A 19-year-old man was driving straight on Sand Beach Road when he hit the bird and caused minor damage to his 2000 Harley-Davidson. The victim was not injured, according to the crash report.
But another man riding through Gratiot County wasn’t as lucky when he was injured and his 1998 Harley-Davidson was heavily damaged due to a gaggle of geese.
A 61-year-old Carson City man was riding his Dyna Low Rider east on Washington Road in New Haven Township in July 2016 when a person driving a Mazda Miata in front of him hit the brakes to avoid hitting geese on the road, according to the crash report.
The car swerved and ended up sideways in the eastbound lane. The motorcyclist slammed into the side of the vehicle.
Police said the man was ejected from the motorcycle and landed on the road. He was not wearing a helmet.
The report shows the man sustained injuries, but an ambulance was not reported at the scene.
Animals weren’t the only thing posing a risk to motorcyclists.
Distracted drivers — both on the motorcycles and in other vehicles — also resulted in injuries.
Crash statistics started tracking distracted driving in 2016, and there were 15 resulting injury crashes reported that year.
In one crash, a motorcyclist was driving his Harley-Davidson Road King on Standish Road in Gibson Township on July 2, 2016, and was looking at police vehicles in a nearby driveway, according to a report.
The 51-year-old Bay City resident did not see another motorcyclist in front of him turning and crashed into him, police said.
Both cyclist received minor road rash and refused medical treatment.
In another distracted driving incident, a motorcyclist was injured in Iosco County when a woman pulled out from a parking lot. The 27-year-old Oscoda man was seriously injured when his 2003 Kawasaki ZXR was hit by a Dodge Durango driven by the woman.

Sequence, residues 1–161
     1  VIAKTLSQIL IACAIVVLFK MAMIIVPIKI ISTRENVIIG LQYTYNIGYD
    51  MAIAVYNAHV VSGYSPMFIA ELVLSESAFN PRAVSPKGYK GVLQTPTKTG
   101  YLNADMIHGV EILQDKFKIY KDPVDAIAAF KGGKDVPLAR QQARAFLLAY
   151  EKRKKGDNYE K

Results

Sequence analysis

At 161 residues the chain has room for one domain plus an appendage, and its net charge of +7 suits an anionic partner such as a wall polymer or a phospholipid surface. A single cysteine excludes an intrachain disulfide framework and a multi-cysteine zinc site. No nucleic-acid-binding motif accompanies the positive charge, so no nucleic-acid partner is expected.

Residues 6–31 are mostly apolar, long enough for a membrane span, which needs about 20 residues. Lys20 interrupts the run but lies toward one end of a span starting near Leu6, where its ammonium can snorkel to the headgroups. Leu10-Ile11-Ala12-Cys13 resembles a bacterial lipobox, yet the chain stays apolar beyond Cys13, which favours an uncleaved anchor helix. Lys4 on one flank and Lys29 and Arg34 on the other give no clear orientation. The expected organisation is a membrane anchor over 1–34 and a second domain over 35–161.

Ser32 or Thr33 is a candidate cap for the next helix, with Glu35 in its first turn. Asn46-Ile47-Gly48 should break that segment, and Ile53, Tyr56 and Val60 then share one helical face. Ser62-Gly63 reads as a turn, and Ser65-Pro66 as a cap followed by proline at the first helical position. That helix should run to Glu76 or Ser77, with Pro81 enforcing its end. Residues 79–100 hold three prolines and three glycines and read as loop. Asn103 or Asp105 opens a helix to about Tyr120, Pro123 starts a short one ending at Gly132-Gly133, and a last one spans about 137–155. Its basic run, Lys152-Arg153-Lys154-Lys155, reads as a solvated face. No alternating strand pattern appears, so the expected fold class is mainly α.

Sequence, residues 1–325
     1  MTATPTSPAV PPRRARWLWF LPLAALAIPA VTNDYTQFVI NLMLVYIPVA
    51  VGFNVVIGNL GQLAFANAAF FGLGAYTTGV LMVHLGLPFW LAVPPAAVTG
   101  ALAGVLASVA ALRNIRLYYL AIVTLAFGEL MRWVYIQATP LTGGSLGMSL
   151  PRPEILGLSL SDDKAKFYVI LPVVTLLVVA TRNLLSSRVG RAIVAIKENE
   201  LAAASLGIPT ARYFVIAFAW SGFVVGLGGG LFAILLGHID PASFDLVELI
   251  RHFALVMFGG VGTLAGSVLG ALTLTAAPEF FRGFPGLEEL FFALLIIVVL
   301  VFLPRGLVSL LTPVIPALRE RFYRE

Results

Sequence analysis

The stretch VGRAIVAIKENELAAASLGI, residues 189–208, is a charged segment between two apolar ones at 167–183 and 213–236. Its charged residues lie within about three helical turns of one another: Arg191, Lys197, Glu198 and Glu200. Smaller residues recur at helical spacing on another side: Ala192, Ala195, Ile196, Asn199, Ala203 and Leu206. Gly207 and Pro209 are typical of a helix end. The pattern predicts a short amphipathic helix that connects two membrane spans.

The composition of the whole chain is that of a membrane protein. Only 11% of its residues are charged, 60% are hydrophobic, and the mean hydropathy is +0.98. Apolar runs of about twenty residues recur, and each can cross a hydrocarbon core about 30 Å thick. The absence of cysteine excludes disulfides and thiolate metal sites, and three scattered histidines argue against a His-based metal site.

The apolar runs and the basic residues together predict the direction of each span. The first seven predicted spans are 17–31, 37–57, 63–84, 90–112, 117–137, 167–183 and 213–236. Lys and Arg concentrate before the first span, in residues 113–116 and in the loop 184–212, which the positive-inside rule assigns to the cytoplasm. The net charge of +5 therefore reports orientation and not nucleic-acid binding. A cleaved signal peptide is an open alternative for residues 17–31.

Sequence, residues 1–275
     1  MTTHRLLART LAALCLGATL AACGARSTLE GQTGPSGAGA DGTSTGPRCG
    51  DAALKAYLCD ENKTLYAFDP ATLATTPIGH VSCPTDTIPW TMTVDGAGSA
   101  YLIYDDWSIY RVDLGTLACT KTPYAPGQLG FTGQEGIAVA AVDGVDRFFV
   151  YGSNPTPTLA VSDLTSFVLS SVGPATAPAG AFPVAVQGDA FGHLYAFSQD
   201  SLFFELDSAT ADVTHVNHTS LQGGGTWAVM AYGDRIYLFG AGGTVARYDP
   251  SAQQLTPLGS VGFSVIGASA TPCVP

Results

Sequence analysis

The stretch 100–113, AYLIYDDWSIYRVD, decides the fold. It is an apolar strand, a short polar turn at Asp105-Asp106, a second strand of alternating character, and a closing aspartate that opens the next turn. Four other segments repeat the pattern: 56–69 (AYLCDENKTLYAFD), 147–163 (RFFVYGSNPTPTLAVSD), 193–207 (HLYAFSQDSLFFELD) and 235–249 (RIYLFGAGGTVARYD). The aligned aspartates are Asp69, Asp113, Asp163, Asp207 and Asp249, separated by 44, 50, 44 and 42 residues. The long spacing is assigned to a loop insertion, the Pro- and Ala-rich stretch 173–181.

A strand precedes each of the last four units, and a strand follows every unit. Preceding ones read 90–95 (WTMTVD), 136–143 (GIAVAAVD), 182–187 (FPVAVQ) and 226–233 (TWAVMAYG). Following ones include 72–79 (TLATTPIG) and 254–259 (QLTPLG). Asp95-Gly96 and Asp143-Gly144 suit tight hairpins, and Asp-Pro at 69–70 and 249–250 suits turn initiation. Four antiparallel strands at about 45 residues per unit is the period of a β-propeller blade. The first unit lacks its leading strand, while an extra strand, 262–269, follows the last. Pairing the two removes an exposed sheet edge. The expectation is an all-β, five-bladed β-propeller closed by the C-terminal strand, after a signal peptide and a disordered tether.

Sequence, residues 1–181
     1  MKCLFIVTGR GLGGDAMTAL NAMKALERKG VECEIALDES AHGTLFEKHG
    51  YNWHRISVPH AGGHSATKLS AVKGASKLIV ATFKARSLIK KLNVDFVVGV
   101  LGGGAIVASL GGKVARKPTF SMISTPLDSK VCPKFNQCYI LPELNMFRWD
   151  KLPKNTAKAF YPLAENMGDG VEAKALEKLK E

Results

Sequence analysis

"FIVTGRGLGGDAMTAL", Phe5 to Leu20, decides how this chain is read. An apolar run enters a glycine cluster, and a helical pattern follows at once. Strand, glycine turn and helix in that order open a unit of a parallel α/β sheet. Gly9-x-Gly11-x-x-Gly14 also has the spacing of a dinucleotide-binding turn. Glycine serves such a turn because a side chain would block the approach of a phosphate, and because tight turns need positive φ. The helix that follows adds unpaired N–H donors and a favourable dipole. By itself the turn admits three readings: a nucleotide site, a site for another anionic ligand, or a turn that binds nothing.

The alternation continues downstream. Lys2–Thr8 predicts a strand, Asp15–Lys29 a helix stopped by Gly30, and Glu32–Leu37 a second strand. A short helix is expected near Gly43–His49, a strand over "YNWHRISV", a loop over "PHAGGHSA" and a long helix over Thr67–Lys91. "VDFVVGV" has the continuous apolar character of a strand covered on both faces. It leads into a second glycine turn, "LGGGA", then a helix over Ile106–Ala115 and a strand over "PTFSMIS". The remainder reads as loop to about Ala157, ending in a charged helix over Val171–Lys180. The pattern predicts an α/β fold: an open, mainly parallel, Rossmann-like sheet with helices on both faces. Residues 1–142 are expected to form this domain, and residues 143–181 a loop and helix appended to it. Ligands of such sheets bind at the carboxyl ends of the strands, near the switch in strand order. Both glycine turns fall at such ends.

Witnesses said they saw the woman talking on the phone and eating food while she was pulling out of the parking lot, according to the report.
The data did not show any fatal motorcycle crashes in 2016 that involved the driver being distracted.
Drug and alcohol use:
Drugs and alcohol played a role in more than 200 of the crashes, including many of the fatal crashes, according to the data.
The data shows 26 fatal crashes involved alcohol, 12 involved drugs and another dozen involved both drugs and alcohol.
Injuries were reported in another 170 crashes that involved drugs, alcohol or a combination of the two.
One such crash injured two people near Flint during the early morning hours of Aug. 2, 2012.
At 1:35 a.m., a 57-year-old Flint man was riding east on Bristol Road in Flint Township when he allowed a 36-year-old woman riding with him on a Harley-Davidson to take control of the bike from behind, according to the police report.
The woman’s operation of the motorcycle caused a crash near Moulton Drive, police said. The pair got back on the bike and fled to the man’s residence, according to the report.
The woman, who suffered a non-serious injury, was cited for driving with a suspended license and drunken driving. Her blood alcohol content was 0.14, nearly double the legal limit, according to the report.
Police gave the man a ticket for failing to stop at a personal injury crash and allowing a drunken driver to operate his vehicle.